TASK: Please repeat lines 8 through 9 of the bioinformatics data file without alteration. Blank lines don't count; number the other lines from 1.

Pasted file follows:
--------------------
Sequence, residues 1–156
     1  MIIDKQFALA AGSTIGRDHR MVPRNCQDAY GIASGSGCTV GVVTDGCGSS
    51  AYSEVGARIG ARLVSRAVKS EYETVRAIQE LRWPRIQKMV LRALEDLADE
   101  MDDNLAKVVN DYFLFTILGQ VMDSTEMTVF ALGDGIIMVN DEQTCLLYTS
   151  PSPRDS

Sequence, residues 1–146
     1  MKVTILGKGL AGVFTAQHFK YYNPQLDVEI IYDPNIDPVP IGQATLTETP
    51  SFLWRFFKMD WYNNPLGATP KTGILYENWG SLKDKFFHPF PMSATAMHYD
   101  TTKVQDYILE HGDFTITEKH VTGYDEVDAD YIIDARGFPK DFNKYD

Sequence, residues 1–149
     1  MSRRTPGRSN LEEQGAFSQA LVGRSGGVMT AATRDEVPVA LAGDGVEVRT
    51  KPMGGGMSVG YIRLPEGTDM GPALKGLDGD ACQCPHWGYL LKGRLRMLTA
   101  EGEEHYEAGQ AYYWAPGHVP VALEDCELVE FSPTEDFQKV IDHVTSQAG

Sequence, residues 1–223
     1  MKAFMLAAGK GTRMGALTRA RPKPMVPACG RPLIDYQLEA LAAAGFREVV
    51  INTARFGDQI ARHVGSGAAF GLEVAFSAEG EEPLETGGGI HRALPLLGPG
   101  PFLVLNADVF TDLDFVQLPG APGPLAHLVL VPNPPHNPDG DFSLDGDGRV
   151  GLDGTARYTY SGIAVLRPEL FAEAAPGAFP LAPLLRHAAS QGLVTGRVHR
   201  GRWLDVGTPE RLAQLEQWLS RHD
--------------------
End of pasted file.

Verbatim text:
    51  SFLWRFFKMD WYNNPLGATP KTGILYENWG SLKDKFFHPF PMSATAMHYD
   101  TTKVQDYILE HGDFTITEKH VTGYDEVDAD YIIDARGFPK DFNKYD